Lave and Leinhardt29 reported that older physicians order fewer tests for hospitalized patients than do younger physicians. Eisenberg and Nicklin28 quoted Rose and Abel-Smith who found that the period of time since graduation was inversely related to a physicians use of lab services, but was not statistically significant.

Pineault30 studied 34 internists practicing in prepaid group practice and suggested that physicians order fewer diagnostic tests with an increasing number of years since residency. Schroeder et a131 were unable to demonstrate a statistically significant relationship between age and lab use. Freeborn et al32 showed a tendency for younger physicians to order more tests, but were also unable to obtain am’ statistically significant difference.

Epstein et a133 in Boston correlated the use of outpatient diagnostic tests with personal characteristics of the prescribing physician, by studying the records of 351 hypertensive patients cared for by 30 physicians. They found that the pattern of test utilization was not strongly related to the number of years since graduation from medical school.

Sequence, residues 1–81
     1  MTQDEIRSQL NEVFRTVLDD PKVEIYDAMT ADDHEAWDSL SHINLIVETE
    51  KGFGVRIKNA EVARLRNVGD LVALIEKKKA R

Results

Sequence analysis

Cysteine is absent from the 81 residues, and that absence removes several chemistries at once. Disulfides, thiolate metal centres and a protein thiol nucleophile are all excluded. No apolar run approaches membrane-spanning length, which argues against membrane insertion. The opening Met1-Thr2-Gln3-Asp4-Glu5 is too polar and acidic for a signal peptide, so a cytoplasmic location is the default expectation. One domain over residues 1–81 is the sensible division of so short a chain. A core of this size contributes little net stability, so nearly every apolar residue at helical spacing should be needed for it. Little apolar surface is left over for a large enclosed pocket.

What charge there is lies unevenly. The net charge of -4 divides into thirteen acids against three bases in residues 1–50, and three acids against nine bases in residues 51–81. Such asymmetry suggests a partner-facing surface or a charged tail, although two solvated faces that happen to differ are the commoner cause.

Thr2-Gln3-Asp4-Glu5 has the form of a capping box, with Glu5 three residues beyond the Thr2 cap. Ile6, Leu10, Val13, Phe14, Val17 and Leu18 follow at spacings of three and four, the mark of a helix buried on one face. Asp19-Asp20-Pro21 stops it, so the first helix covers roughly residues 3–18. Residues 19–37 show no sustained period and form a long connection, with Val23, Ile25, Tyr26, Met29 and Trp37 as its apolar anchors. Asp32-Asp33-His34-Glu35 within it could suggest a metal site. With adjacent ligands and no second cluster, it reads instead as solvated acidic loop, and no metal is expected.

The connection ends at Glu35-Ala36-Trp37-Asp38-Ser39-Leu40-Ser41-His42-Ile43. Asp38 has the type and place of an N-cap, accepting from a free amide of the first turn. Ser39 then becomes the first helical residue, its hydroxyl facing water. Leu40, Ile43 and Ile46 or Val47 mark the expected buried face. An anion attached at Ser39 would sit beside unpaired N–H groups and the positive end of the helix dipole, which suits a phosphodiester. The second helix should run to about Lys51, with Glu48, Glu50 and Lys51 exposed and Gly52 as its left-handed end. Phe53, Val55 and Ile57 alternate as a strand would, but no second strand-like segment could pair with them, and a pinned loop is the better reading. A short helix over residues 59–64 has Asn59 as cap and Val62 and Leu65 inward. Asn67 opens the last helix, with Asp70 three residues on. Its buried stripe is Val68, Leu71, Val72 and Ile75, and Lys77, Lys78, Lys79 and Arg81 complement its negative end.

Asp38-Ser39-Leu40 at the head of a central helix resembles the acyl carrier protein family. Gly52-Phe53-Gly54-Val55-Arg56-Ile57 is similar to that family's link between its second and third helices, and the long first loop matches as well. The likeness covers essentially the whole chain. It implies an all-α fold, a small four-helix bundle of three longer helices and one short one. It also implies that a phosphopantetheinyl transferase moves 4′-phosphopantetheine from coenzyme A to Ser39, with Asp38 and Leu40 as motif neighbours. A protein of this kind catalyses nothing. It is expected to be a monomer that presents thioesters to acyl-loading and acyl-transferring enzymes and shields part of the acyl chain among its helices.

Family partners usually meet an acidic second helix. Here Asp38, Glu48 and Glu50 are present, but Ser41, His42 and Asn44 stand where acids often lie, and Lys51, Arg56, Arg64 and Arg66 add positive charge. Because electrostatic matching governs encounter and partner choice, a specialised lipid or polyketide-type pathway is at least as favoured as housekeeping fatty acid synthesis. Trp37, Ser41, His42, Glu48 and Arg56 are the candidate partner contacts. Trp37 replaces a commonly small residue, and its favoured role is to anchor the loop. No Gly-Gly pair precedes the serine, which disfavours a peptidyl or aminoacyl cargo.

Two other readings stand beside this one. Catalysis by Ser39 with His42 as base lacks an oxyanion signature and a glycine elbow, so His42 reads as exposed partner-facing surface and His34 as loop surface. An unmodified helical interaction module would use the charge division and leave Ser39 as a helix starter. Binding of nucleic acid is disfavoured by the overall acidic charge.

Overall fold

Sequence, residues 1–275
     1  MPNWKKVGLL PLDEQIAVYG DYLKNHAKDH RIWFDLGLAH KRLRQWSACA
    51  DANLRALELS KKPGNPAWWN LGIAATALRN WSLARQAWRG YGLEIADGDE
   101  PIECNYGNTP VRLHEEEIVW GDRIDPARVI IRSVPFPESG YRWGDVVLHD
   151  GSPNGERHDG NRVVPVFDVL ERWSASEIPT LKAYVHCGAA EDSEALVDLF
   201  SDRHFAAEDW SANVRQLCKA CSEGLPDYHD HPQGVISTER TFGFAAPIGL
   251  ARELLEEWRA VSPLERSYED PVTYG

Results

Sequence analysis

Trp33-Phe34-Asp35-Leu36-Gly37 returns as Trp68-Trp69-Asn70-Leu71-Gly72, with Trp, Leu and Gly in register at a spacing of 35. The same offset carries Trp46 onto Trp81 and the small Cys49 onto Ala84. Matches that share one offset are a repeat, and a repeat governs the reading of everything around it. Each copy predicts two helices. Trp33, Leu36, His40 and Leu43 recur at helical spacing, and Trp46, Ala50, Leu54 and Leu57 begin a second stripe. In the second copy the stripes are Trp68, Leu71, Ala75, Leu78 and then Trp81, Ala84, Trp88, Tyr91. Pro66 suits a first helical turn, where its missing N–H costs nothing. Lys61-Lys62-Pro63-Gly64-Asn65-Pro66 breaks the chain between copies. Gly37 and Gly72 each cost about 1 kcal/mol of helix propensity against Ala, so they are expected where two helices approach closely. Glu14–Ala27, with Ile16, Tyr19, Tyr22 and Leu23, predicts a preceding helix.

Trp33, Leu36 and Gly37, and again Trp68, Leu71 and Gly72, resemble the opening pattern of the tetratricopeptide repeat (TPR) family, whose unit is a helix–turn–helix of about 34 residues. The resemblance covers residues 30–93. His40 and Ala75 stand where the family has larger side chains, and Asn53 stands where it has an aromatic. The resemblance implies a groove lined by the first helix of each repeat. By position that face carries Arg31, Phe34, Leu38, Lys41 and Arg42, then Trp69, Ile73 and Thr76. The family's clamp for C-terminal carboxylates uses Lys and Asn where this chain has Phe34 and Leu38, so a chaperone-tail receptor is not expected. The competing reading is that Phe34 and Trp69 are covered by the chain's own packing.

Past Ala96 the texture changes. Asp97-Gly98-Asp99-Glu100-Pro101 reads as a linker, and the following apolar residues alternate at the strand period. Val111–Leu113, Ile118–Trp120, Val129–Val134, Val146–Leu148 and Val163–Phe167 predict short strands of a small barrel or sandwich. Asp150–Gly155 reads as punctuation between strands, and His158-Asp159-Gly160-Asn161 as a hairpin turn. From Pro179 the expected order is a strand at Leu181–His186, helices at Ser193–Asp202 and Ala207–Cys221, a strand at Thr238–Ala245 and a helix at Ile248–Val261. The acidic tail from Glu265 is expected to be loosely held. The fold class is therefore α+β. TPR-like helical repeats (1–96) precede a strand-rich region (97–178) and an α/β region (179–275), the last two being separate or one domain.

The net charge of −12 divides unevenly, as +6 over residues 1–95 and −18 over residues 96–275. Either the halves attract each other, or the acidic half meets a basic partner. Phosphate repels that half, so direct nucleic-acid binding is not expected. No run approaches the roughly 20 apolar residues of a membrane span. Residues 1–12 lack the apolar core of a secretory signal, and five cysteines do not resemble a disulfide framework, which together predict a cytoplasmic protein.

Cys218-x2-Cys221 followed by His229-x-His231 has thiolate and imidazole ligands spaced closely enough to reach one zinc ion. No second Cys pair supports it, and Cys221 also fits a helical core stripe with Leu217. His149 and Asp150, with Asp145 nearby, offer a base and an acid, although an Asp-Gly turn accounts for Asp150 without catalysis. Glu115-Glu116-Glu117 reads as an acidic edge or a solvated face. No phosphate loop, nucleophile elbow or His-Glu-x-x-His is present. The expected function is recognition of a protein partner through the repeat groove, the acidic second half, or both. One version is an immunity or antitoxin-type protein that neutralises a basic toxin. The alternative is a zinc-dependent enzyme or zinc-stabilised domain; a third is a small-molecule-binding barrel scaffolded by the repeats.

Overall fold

Ferrier et a14 showed that women physician tended to order more laboratory tests than men physicians, and had a higher mean monthly cost of laboratory service per patient. These differences were correlated with practice features related to physicians in their study such as the proportion of total work done in the office, the proportion of female patients aged I S to 49, and the proportion of the physicians′ practice that is psycho-therapeutic. Year of graduation, medical school, practice location and board certification had no significant contribution towards explaining the difference in laboratory ordering.


  1. There had been an increase in the number of Saudi physicians in PHC centers.
  2. Not a single physician had any post-graduate degree in Family Medicine or in general practice.
  3. Laboratory investigations are essential services for PHC center physicians.